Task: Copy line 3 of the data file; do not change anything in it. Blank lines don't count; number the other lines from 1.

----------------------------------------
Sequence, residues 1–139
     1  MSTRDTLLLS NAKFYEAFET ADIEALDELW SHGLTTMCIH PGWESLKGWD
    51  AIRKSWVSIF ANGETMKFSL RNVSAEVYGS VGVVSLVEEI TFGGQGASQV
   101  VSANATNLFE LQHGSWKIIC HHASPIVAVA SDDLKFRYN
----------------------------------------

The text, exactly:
    51  AIRKSWVSIF ANGETMKFSL RNVSAEVYGS VGVVSLVEEI TFGGQGASQV